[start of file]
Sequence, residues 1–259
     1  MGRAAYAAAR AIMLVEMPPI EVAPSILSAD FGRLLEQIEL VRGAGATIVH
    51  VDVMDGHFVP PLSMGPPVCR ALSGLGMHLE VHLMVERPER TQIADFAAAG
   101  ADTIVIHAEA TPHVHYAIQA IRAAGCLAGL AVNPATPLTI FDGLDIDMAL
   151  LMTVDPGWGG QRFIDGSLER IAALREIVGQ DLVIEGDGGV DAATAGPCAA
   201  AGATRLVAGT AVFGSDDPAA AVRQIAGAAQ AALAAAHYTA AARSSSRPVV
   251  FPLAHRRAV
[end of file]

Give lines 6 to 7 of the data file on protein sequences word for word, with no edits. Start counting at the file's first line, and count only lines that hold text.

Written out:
   201  AGATRLVAGT AVFGSDDPAA AVRQIAGAAQ AALAAAHYTA AARSSSRPVV
   251  FPLAHRRAV